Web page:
Abstract The Sepulcrum incantatum, occasioned by a ghost story, is in all respects a plea typified by doubleness: on account of its subject (the son's double death), its structure (epidiegesis, or double narratio of the facts), and its style (synonymy, alliterations, anaphoras, repetitions in all their forms). These obsessive repetitions confer an incantatory power on the text and transfigure the declamation into a real carmen, which must be read as a tremendous metatextual challenge for the rhetor in the literary model of the sorcerer which he aims to surpass.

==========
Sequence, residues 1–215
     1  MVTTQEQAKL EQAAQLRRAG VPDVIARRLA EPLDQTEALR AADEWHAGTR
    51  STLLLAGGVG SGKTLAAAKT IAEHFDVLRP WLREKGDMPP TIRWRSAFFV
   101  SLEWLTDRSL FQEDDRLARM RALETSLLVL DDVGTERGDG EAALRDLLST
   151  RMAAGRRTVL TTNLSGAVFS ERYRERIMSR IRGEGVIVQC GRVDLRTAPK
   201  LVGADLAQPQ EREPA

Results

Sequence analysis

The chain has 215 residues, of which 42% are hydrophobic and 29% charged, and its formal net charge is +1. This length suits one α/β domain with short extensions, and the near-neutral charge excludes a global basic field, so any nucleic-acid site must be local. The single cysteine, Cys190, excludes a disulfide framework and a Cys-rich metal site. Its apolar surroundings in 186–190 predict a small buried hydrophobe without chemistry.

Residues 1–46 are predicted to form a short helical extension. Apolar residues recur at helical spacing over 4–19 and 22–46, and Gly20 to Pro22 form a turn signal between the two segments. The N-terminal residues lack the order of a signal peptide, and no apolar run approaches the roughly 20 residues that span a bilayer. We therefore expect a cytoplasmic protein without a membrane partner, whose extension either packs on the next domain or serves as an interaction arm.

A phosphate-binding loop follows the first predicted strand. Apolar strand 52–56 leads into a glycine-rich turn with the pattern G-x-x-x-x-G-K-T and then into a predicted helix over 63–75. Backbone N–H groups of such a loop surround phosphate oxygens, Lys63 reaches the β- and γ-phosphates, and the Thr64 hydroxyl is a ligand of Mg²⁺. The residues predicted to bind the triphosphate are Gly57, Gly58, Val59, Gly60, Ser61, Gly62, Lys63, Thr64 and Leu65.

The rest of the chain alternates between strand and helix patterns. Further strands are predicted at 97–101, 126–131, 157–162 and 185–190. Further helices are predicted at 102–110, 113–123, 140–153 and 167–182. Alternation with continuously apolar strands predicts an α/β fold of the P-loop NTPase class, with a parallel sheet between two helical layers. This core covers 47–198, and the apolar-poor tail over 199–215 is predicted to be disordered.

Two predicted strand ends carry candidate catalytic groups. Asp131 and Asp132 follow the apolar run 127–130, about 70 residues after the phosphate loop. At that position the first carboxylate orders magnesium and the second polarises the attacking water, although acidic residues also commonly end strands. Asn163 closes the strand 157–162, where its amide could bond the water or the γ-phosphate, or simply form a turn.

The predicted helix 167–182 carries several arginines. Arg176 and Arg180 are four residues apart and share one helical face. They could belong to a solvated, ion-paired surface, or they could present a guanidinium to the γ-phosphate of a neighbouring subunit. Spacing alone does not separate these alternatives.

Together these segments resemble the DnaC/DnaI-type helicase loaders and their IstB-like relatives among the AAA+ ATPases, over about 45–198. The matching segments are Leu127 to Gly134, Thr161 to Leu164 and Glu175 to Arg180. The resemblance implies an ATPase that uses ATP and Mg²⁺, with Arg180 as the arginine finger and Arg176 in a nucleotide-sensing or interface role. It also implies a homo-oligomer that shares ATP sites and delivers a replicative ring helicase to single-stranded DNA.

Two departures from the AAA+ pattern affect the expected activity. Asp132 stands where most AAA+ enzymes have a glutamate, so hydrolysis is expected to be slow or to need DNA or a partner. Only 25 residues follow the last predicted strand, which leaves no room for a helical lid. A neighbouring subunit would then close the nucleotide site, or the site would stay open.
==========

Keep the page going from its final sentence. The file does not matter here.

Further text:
Rhetorica, published quarterly for the International Society for the History of Rhetoric, includes articles, book reviews and bibliographies that examine the theory and practice of rhetoric in all periods and languages and their relationship with poetics, philosophy, religion and law. The official languages of the Society, and of the journal, are English, French, German, Italian, Latin, and Spanish, with articles and features corresponding. If you crave complete grasp of, or are merely fascinated by, the power and politics of oration, each page of Rhetorica will fulfill.
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